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Econ. Resources on the Internet [12 of 20]

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Archive-name: econ-resources-faq/part12
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Last-modified 1999/09/30
Version: vol. 4 no. 2
Url: http://rfe.org

See reader questions & answers on this topic! - Help others by sharing your knowledge
   Resources for Economists on the Internet, Vol. 4, No. 2, September, 1999

             Editor: Bill Goffe <Bill.Goffe@usm.edu>
             Editorial Assistant: Elise Braden <elise@econlit.org>

                            Part 12 of 20

   This guide, sponsored by the American Economic Association, lists
   more than 1,000 resources on the Internet of interest to academic and
   practicing economists, and those interested in economics. Almost all
   resources are also described.

   Resources for Economists on the Internet (RFE) is a copyrighted work
   of the American Economic Association (the "AEA"). Permission to make
   digital, electronic or hard copies of part or all of RFE for personal
   or classroom use, Usenet distribution, or mailing lists is granted,
   provided that copies are not made or distributed for profit or direct
   commercial advantage and that whole copies show the following notice:

   "Resources for Economists on the Internet (RFE), Copyright 1999
   American Economic Association"

   Otherwise the AEA owns the exclusive right to print, publish,
   distribute, reproduce, sell, prepare derivative works, transmit,
   download, or otherwise transfer copies of RFE. Copyrights of
   components of this work owned by others than the AEA must be honored
   and attributed to the rightful owner. Abstracting and short quotes
   are permitted. To copy otherwise or to republish otherwise, including
   on web pages, in whole or in part requires prior specific permission.
   Permissions may be requested from the American Economic Association,
   2014 Broadway, Suite 305, Nashville, TN 37203, or via E-mail:
   aeainfo@ctrvax.vanderbilt.edu. RFE is provided without any express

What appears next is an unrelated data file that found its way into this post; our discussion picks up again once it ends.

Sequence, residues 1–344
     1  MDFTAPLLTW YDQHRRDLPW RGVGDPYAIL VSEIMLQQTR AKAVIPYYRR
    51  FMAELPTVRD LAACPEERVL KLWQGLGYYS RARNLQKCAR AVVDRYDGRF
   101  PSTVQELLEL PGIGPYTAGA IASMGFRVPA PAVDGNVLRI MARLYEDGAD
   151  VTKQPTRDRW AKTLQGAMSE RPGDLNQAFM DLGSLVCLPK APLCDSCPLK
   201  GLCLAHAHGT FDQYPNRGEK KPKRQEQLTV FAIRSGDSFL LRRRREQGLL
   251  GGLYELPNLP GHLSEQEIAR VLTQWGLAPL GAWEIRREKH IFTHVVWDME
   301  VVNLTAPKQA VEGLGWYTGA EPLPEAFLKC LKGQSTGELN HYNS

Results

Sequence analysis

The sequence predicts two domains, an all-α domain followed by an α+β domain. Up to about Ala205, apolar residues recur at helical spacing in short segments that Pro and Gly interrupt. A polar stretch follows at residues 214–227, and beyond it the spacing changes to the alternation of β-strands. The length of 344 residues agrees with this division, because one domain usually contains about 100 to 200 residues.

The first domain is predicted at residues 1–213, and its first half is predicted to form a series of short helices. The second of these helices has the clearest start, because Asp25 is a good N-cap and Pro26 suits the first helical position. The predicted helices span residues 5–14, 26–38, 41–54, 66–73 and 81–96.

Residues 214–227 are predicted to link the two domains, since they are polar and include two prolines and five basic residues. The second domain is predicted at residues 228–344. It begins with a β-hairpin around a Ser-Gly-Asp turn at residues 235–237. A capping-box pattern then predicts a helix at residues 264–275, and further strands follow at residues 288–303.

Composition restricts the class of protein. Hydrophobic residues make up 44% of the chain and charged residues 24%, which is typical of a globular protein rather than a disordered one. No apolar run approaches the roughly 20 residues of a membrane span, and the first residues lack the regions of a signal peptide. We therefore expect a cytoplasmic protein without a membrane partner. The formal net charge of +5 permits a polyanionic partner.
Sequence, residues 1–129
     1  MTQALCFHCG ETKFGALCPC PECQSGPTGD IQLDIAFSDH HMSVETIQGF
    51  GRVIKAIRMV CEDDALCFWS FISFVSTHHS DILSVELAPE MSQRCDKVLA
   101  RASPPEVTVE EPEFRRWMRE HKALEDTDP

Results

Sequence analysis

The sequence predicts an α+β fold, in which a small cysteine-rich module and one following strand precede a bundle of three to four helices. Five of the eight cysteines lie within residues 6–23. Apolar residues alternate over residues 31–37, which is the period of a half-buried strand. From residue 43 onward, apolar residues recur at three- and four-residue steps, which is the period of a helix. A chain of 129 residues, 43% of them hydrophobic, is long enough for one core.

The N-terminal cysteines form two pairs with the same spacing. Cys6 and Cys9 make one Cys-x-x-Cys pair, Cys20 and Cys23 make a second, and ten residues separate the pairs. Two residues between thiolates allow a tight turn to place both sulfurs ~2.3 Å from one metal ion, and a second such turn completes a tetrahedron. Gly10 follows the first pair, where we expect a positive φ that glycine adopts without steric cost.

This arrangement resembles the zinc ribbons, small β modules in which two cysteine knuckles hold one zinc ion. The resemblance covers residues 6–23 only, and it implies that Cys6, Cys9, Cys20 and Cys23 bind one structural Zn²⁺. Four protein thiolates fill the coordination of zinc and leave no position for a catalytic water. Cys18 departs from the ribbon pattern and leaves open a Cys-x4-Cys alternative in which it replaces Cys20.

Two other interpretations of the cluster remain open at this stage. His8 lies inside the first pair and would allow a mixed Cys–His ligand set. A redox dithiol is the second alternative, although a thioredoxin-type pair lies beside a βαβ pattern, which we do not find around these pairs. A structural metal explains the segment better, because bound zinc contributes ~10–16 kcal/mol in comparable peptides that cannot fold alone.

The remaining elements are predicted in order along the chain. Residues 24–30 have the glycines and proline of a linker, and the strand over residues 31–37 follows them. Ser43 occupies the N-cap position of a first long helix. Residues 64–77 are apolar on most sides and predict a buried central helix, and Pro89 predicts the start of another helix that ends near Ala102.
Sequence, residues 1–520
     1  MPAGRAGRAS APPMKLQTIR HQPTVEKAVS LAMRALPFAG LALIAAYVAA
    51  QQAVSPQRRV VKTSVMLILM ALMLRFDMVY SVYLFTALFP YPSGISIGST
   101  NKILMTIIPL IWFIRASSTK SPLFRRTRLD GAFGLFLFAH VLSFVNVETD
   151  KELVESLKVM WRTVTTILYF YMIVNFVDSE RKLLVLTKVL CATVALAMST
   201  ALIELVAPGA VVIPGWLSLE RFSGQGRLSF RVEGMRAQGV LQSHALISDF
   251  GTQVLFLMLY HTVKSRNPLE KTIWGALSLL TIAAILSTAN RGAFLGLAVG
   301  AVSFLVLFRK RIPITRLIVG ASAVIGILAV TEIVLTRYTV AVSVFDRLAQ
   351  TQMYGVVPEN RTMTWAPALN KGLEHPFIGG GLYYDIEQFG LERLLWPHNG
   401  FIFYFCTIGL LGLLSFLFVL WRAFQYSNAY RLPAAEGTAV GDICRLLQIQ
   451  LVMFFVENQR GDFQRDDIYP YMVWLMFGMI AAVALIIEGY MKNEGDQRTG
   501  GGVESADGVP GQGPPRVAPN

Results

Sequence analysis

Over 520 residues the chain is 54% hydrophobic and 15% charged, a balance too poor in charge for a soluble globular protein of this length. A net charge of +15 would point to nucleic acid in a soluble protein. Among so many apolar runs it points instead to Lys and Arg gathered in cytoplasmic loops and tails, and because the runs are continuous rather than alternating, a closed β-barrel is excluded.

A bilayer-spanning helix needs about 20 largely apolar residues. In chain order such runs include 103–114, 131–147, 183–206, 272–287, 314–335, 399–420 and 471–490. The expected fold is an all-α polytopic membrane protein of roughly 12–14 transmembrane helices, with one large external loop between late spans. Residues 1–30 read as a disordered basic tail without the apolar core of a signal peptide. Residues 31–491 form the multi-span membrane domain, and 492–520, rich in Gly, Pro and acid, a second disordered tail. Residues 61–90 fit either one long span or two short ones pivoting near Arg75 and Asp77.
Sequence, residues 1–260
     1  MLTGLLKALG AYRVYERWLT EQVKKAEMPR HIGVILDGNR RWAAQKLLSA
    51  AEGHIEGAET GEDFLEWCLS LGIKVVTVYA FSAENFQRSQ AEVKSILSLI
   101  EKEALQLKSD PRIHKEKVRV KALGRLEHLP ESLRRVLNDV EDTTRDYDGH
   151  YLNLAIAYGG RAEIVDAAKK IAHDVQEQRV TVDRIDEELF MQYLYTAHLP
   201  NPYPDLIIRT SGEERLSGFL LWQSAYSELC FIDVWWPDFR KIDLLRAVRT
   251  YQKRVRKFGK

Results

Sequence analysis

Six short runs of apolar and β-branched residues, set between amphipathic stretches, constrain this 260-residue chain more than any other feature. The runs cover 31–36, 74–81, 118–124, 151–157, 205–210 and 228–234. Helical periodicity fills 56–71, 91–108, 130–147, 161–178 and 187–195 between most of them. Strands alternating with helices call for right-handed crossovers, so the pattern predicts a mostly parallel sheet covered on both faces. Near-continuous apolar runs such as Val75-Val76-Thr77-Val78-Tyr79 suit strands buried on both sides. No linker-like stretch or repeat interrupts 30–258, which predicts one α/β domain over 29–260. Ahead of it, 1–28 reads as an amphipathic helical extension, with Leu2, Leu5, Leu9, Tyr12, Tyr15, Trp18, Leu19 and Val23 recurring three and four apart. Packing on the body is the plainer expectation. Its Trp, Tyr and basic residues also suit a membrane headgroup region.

or implied warranty.

   ----------------------------------------------------------------------

   For distribution via Usenet, this FAQ is split into 20 parts as large
   files don't travel well on Usenet. For other locations of this guide,
   see the section titled "1.5 Where to Obtain This Guide" in part 2.


9.0 News Media

9.1 Academe This Week (Chronicle of Higher Education)

   This electronic version of the Chronicle of Higher Education offers a
   subset of the print version (the full print version is available
   on-line to paid subscribers). One of the most useful parts might be
   the job ads, which are available to non-subscribers.

   # http://chronicle.merit.edu/


9.2 Times Higher Education Supplement Internet Service

   This is the electronic version of the British publication The Times
   Higher Education Supplement. It includes extensive summary
   information from the print version (this appears on the Friday before
   publication) as well as all job advertisements (they appear on the
   Tuesday before publication). Old advertisements are kept on hand as
   well.

   # http://www.thesis.co.uk/


9.3 Barron's Online

   This on-line version of Barron's offers "every article, every special
   report, every column" of the print version. It is available to
   readers of the on-line version of the Wall Street Journal. As with
   the print version, much of the information is specific to companies
   and investing. For instance, they have extensive dossiers on some
   20,000 companies. They also have an extensive search capability for
   past articles, and information as current as 20 minute delayed stock
   quotes.

   # http://www.barrons.com/


*  9.4 The Economist

   This site offers the entire table of contents of this magazine, as
   well as some complete articles for free. The subscription price to
*  the on-line version (with all articles) is $48 per year. With this
*  subscription there is free, unlimited retrieval of past articles.
   One interesting feature is that you can arrange to receive "Politics
   This Week" and "Business This Week" summaries via e-mail. There are
   also links to other members of the Economist Group.

   # http://www.economist.com/


9.5 The Financial Times

   This site offers a version of The Financial Times; currently, while
   you have to register, there is no subscription fee. It appears that
   much of the newspaper is available on-line. Of particular interest is
   the "Economics" section under "Themes and Topics." They have both a
   large number of articles and economic data.

   # http://www.usa.ft.com/


9.6 New York Times

   This site offers almost the entire New York Times (a few items in
   this on-line version are not offered in the print version, and
   vice-versa). Currently, for U.S. users, it is free; for non-U.S.
   subscribers, it costs $35/month. Their guide to sites on the
   Internet is particularly nice. The crossword puzzle requires software
   that they supply.

   # http://www.nytimes.com/


9.7 Wall Street Journal Interactive Edition